Bright lights, big web

The BBC reports today that the WorldWideWeb (W3) is 20 years old, a moment that will be marked by the recreation of the first ever web page by Cern.

What's interesting and sometimes overlooked by those who talk about the transition from analogue to digital, is how this revolution was also the impetus of a wider cultural shift and economic resizing. According to this BBC report, "At the heart of the original web is technology to decentralise control and make access to information freely available to all. It is this architecture that seems to imbue those that work with the web with a culture of free expression, a belief in universal access and a tendency toward decentralising information."

It is not hard to see the parallels in how the publishing industry has also been transformed by the connected web; how the traditional structures created to spread free expression for centuries have been blown-up by the web bomb. Publishing companies are often chided for their resistance to change, but actually the web plays to their strengths: the wide (ideally worldwide) dissemination of writing and knowledge is their thing. That said, it is understandable why publishing companies might need to be wary of these kinds of structural changes to their businesses, but publishers—the individual within the companies—should embrace the shift. [In my own field I could never understand a journalist who was reluctant to 'get their story out there' to the widest audience as quickly as possible because it might damage the business. That the business needed to adapt was a different conversation, to the opportunity presented to the journalist to seize the moment.]

However, the irony, noted by the BBC, is that the WWW has also led to a counter-force, creating ever more powerful companies, such as Amazon, Apple and Google, that now dwarf the so-called gatekeepers of old, and don't respect the web's original core intentions. Twenty years ago no single entity had the power to change how and what we read, or the prices we pay for those reads as Amazon now enjoys. Yet while these companies deliver some of the promised freedoms and democratisation those founders wanted, they practise an iron-hand when it comes to shaping the future. These pioneers of an open internet and shared web, are seldom open and sharing themselves.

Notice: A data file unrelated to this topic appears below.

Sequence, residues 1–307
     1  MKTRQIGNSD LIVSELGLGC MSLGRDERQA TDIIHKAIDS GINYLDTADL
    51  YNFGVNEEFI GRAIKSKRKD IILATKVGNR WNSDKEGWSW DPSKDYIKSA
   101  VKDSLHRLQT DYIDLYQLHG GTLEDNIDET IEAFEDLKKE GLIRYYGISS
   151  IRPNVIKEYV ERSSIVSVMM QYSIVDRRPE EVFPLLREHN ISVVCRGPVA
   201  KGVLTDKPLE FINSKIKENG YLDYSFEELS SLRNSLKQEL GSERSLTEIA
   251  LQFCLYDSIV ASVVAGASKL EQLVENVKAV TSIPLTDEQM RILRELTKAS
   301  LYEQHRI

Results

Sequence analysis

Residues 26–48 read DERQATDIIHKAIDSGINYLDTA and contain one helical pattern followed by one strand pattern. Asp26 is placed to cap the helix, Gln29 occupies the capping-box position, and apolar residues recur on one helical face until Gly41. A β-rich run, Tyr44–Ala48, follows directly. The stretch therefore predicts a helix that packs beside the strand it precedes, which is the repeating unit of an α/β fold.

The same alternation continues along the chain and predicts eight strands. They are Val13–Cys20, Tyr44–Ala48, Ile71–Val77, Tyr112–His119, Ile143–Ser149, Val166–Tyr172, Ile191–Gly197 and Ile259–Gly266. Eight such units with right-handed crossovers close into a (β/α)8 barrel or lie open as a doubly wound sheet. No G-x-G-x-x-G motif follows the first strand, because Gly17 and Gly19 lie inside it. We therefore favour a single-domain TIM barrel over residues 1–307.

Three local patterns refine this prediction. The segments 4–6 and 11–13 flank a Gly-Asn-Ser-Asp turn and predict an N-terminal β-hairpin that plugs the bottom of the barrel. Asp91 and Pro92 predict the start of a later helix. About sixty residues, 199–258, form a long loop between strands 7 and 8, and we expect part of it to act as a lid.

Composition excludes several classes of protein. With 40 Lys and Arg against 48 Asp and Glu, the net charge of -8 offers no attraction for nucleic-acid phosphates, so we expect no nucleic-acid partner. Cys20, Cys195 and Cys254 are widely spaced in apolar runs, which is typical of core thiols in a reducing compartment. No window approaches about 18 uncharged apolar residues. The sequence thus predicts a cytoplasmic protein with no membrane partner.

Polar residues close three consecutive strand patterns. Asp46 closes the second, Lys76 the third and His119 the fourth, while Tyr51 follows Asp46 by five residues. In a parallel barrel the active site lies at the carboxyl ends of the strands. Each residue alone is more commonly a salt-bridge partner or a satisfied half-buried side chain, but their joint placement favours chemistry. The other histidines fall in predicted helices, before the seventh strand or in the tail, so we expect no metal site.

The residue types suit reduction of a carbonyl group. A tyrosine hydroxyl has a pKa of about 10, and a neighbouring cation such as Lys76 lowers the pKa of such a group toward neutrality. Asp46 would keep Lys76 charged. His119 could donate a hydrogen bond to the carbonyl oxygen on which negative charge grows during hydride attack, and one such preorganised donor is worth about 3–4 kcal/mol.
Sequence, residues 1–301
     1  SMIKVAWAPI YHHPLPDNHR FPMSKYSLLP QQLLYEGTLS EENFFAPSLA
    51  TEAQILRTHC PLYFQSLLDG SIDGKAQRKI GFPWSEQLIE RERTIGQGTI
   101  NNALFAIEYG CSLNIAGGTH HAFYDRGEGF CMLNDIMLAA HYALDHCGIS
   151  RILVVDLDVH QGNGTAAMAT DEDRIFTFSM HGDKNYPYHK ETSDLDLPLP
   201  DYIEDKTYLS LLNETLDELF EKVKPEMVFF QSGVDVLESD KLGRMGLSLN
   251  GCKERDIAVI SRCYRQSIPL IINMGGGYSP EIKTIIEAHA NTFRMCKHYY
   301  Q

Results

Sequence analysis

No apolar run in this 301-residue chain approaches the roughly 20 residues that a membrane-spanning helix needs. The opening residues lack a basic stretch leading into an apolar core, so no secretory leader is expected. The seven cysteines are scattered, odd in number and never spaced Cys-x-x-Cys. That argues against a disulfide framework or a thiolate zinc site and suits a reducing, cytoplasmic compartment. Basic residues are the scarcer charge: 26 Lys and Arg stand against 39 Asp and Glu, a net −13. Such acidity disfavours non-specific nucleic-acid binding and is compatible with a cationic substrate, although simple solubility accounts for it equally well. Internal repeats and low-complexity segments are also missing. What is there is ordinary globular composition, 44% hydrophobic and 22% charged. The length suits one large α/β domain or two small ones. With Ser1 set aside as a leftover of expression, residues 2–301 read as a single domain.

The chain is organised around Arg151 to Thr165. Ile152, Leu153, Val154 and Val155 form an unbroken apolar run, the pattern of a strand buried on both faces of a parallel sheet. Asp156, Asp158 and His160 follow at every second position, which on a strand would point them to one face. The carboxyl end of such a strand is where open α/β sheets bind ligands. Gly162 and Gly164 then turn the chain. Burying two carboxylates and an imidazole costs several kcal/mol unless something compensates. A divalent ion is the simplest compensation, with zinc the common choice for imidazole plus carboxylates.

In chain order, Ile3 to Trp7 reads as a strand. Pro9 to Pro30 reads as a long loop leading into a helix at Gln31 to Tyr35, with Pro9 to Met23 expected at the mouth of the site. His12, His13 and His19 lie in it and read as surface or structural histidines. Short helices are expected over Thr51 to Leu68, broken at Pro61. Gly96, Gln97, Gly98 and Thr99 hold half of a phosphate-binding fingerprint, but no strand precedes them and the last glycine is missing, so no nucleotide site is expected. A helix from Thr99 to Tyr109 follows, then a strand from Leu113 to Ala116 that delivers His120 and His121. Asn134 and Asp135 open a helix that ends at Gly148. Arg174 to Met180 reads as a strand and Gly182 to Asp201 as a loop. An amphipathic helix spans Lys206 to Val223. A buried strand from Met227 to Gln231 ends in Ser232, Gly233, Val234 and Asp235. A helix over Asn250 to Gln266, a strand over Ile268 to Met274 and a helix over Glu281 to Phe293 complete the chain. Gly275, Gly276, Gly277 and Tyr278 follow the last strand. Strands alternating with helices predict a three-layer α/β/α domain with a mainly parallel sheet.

What was interesting about the shadow debate at the London Book Fair over whether Amazon was policing territoriality appropriately was the genuine realisation that Amazon could simply and unilaterally change the eco-system for everyone. For Amazon, read also Google, and Apple, and no doubt others we have not yet even heard of. For territoriality read copyright, DRM, author advances, royalties etc . . .

Adapting to the rise of these big groups has been in many ways more difficult than adapting to the web or the wider cultural shifts.

Over the past twenty years publishing companies have focused on firming up their structures, making them both more robust and more malleable in order to withstand the changing market forces. Despite what the detractors suggest, publishers have not gone out of business and their recent financial performances give no indication that they will be any time soon.

The impending merger of Penguin and Random House is, perhaps, the peak of this movement, a reaction both to the web and to the rise of the tech giants. But even smaller publishers have worked incredibly hard to digitize practices that came from a different age.

Of course this work is not done. The publishing 'system' can still look cumbersome when measured against the whizzy wide web, but it at least now allows digital publisher-led bright-spots to flare, without undermining the infrastructure that supports everything else. Fifty Shades is the supreme example of this: breaking the rules and remaking them.

If measured by this 20-year span, publishing merits a pass: it lives to fight another day but only because it was sharp enough to focus only on the questions it had an answer for. This won't always be the case: things may get trickier. And over the next 20 years it is the bright-spots that will need to shape how the machine evolves, not the other way round.



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